SRCP will work with other businesses and organizations in the community with similar visions and goals to coordinate efforts and build a community of support for the St. Roch Market. These local alliances will include local businesses, such as Faubourg Wines, Gerkin’s Bikes, St. Coffee, Shadowbox Theatre, and Café Istanbul, and local governmental entities, such as the Alvar Branch Library, NOCCA, and the Colton School. SRCP will also work with other non-profit organizations, such as Market Umbrella (operator of the Crescent City Farmers Market), Hollygrove Market & Farm, Sankofa CDC, and Slow Food, to promote proper nutrition and access to local vendors and producers.

INTERNET STRATEGY
SRCP and the St. Roch Market will maintain a strong Internet presence both autonomously and through its individual vendors. Such outlets as Facebook, Twitter, Flickr, and Instagram will keep customers and vendors alike informed, inspired, and in-the-know about products, events, and news from St. Roch Market. In addition to our social media presence, we will have an informative website. SRCP will also canvas local media—with whom individual vendors already have a healthy rapport—to maintain a constant media presence. Such venues include: Nola.eater. com, The Times-Picayune/nola.com, The Advocate, and The Gambit.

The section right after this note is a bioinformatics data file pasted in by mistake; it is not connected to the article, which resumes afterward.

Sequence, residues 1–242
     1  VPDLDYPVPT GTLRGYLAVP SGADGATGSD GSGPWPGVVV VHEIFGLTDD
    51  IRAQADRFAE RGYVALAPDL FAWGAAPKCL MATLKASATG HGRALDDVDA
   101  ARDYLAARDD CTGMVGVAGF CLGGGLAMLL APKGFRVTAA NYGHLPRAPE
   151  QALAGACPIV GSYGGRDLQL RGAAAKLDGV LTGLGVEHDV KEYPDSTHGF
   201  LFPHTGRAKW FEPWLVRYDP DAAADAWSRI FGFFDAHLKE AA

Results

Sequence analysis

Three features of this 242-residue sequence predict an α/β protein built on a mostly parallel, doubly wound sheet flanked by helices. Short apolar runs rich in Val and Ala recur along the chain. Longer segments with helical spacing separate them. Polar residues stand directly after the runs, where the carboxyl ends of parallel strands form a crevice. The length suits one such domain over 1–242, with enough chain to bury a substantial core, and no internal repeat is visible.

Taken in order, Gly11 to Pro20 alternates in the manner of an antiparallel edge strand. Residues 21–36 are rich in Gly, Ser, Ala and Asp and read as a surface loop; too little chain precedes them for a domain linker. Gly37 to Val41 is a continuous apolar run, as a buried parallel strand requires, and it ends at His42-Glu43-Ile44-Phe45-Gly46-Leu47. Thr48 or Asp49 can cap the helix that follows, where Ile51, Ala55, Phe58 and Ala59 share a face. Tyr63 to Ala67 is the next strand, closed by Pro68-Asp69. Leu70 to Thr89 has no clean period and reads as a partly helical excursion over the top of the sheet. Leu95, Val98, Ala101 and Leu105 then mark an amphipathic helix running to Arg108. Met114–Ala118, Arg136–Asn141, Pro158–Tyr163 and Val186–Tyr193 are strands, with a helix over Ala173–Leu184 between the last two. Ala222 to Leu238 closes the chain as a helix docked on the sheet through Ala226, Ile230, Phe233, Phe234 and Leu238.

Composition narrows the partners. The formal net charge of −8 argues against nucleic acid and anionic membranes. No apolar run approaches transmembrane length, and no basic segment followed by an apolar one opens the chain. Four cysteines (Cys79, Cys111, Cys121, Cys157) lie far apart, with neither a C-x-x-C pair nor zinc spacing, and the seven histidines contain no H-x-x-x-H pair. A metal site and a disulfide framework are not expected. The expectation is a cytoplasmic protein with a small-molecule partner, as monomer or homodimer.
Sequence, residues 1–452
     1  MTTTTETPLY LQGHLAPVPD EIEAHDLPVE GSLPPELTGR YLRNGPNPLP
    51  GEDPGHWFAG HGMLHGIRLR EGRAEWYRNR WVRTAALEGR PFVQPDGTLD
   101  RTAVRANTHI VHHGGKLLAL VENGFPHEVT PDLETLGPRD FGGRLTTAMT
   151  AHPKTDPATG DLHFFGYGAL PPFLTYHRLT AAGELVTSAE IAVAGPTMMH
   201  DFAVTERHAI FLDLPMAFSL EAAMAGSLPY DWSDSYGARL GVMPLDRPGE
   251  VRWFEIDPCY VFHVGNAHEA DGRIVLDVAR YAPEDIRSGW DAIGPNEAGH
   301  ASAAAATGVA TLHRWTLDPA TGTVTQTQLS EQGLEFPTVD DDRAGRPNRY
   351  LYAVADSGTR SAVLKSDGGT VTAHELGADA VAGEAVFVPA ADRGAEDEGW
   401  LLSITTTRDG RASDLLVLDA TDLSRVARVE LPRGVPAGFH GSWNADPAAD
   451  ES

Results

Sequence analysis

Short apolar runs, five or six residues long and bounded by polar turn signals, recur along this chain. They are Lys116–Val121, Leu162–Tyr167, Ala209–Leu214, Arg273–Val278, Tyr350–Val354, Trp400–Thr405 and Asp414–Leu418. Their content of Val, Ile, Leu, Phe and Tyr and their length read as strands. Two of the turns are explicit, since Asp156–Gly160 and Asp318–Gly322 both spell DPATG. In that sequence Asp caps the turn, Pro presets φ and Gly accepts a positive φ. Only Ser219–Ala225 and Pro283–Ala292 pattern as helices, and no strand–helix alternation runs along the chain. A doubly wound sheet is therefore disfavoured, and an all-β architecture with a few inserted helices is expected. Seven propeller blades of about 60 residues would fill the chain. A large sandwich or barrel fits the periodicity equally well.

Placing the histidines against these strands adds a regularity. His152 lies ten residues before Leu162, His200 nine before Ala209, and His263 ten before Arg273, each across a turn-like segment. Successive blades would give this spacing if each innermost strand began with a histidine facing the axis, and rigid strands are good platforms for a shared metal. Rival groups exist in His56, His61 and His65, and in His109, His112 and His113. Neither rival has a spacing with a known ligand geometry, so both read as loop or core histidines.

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RISK ANALYSIS ////////////////////
There are several risks involved in any business. The following are the major risks we have identified during the conception and operation of this business. While we believe we have given these risks much thought, we also expect unforeseen risks and challenges to make themselves apparent during the execution of this business plan.

COMPETITION

There is a risk that currently identified competitors may change their business model to directly compete with the St. Roch Market and its vendors or use their pricing power to preclude the establishment of a sustainable business. There is also the risk that an unforeseen competitor or new market entrant may move into our market to serve our customers. We believe that current identified competitors would have already changed their business models if they were pursuing this market and establishing good relationships with our vendors and customers will either preclude new market entrants or raise the barrier of entry into the Market.

SHIFTS IN CONSUMER DEMAND

Consumer diets change with the seasons. Foods go in and out of fashion. Movements come and go. Consumer demand for locally-sourced and sustainably-raised products and independent vendors could take a drastic and unforeseen downturn with little notice and leave the St. Roch Market with an unsustainable business model. We believe we have designed the business model to be flexible enough to respond to these shifts in consumer demand.

ENVIRONMENTAL

The St. Roch Market is located in, and is dependent upon suppliers, vendors, and customers within, the Gulf Coast region of the United States, an area vulnerable to tropical storms and hurricanes. While we expect occasional business interruptions due to storm evacuations, there is also a risk of a major storm hitting New Orleans or one of our source farms and causing significant damage. Climate change and coastal erosion also pose risks to our business, suppliers, and customers in the future.